Young Men’s Christian Association (YMCA) - American Education
An international organization with 26 million members around the world, sponsoring social, physical and educational activities for youths and adults of both genders as well as all religions, races and ethnic backgrounds. The YMCA was founded in London in 1844 by the British humanitarian Sir George Williams (1821–1905) to provide prayer meetings and Bible study for destitute young men on the streets of London. By 1851, the concept had spread to Europe and the United States, with the first unit in the United States founded in Boston in 1851. Similar groups formed in New York, Philadelphia and other cities, and by 1854 there were 26 associations in North America.
The American Civil War all but ended the movement, but a number of evangelists, including DWIGHT L. MOODY, managed to revive it in the late 1860s and 1870s, and a series of well publicized conventions spurred the formation and growth of a national movement. Inspired members fanned out into cities across the United States to preach on street corners in slums, distribute tracts in boarding houses, hospitals and jails, and conduct Bible classes and prayer meetings. The YMCA began putting up buildings with libraries, auditoria for lectures, and Spartan, albeit adequate hotel rooms to provide temporary housing for destitute young men. In the 1890s, it expanded its program to include regular evening classes, which soon became known as “a college of the people” and included courses in elementary school subjects for boys who had gone to work before they could obtain a basic education. Other courses in English and American citizenship were added in some cities to accommodate young immigrants; by the end of the century, the “Y” was even offering vocational education for boys who wanted to improve their lot by learning skilled trades.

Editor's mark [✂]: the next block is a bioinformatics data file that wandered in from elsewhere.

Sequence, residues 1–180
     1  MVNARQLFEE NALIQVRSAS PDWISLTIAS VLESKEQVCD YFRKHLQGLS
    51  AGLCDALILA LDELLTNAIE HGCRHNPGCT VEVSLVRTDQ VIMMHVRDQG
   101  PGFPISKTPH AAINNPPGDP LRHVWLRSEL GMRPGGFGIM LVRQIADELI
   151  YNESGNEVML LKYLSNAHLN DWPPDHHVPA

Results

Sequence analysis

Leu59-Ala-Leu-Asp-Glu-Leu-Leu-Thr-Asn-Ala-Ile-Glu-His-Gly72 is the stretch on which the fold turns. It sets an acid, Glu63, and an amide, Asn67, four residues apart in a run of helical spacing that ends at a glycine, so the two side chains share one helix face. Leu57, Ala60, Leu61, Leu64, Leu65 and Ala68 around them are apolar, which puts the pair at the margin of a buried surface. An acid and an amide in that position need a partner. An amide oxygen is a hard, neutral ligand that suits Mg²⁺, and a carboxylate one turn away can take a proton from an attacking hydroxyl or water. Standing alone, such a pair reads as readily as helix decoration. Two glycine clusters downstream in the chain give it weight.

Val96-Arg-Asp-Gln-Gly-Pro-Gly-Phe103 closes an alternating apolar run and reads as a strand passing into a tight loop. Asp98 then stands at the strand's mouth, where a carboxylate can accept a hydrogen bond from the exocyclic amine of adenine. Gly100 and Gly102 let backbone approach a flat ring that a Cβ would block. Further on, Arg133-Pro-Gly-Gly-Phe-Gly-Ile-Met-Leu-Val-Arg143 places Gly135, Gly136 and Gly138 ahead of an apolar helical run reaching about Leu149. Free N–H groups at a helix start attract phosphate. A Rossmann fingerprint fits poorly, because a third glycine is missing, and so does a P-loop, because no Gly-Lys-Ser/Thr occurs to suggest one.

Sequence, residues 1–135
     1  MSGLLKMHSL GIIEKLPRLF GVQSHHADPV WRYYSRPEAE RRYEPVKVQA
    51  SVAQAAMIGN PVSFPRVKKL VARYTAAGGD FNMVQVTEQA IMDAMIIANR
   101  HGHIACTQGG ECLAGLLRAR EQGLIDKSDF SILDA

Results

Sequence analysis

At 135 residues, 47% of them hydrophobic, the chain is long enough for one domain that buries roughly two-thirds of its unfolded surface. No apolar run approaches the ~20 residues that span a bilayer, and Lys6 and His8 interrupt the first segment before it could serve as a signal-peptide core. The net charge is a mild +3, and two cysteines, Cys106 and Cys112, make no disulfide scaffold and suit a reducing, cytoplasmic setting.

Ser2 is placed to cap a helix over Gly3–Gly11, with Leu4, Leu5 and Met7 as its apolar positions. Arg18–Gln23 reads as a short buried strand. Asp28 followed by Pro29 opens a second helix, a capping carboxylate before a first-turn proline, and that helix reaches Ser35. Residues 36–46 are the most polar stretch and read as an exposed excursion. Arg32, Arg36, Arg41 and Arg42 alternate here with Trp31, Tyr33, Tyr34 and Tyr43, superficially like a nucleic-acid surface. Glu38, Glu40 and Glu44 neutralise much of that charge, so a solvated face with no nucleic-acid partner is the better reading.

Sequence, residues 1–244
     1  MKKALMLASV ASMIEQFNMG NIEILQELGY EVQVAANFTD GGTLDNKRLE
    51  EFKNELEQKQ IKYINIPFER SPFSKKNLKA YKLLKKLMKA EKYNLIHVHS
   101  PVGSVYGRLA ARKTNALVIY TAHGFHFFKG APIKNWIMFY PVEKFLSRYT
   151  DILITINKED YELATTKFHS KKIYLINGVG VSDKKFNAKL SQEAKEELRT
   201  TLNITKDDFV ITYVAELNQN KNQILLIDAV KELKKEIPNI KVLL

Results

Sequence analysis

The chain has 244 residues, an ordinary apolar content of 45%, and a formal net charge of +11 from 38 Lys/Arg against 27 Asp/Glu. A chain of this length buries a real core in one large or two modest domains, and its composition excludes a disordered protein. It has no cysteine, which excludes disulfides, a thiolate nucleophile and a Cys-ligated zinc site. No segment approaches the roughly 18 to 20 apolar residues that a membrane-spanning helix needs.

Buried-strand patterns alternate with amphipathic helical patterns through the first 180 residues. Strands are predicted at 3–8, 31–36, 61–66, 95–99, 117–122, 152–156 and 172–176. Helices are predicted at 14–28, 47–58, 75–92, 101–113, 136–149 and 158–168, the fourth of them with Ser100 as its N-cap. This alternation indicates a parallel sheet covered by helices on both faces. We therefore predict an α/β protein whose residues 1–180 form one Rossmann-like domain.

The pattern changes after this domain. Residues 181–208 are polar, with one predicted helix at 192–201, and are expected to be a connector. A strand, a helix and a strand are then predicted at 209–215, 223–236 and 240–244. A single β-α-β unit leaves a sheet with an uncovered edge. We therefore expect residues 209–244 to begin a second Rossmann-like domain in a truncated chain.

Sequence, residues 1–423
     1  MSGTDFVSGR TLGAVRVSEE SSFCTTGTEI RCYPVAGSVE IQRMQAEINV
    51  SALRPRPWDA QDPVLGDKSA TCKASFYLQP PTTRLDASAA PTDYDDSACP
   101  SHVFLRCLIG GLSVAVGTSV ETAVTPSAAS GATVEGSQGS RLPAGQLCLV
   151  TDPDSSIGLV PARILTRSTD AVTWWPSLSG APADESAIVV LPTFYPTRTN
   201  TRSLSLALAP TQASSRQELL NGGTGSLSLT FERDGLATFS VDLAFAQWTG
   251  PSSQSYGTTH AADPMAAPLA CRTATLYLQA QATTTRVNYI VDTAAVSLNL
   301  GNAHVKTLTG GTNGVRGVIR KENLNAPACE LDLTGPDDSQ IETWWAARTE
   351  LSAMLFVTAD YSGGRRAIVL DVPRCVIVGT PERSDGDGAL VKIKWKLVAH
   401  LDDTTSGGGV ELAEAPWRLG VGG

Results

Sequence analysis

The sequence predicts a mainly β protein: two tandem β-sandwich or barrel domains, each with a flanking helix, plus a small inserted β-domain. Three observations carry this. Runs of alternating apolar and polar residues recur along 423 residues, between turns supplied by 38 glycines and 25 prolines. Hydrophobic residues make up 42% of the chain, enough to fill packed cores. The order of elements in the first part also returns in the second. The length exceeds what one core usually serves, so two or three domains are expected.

By 1913, the association was enrolling nearly 75,000 students a year in courses ranging from accounting to public speaking to wireless telegraphy. In every major city, buildings rose to accommodate the Y’s ever-expanding activities. By 1916, the Y had a membership of 600,000, and its buildings were complete with libraries, gymnasia, swimming pools and other facilities. It opened summer camps and pioneered physical education at a special school of physical education it established in Springfield, Massachusetts, to train teachers to promote physical fitness among the young. It was at this YMCA Training School that basketball and volleyball were invented. Now known as Springfield College, the YMCA Training School eventually made physical education the heart of YMCA activities.
The YMCA also trained thousands of students on college campuses to serve as missionaries overseas. In addition to missionary work, many established new YMCAs that were eventually turned over to local control. During World War I, it sponsored war relief activities, and in World War II, it joined with six other organizations to form the United Service Organizations (USO) to provide entertainment and social services to millions of American servicemen around the world. As it reached out to more and more Americans, the YMCA evolved into an ecumenical, quasi-public organization, serving Catholics and Jews as well as Protestants and, by the 1950s, women as well as men. Its success as a universal service organization all but ended its original religious role. Among the main programs of today’s YMCAs are swimming, aquatic exercise, aerobics, fitness classes, child care, day camps and youth sports. Many also provide emergency shelter, day care for the elderly, job training, rehabilitation classes for the disabled and youth counseling. Each of the 2,400 branches functions independently and is governed by volunteer board members who determine policy according to the needs of their community. Serving about 13.5 million people a year, the organization maintains a national council at its headquarters in Chicago.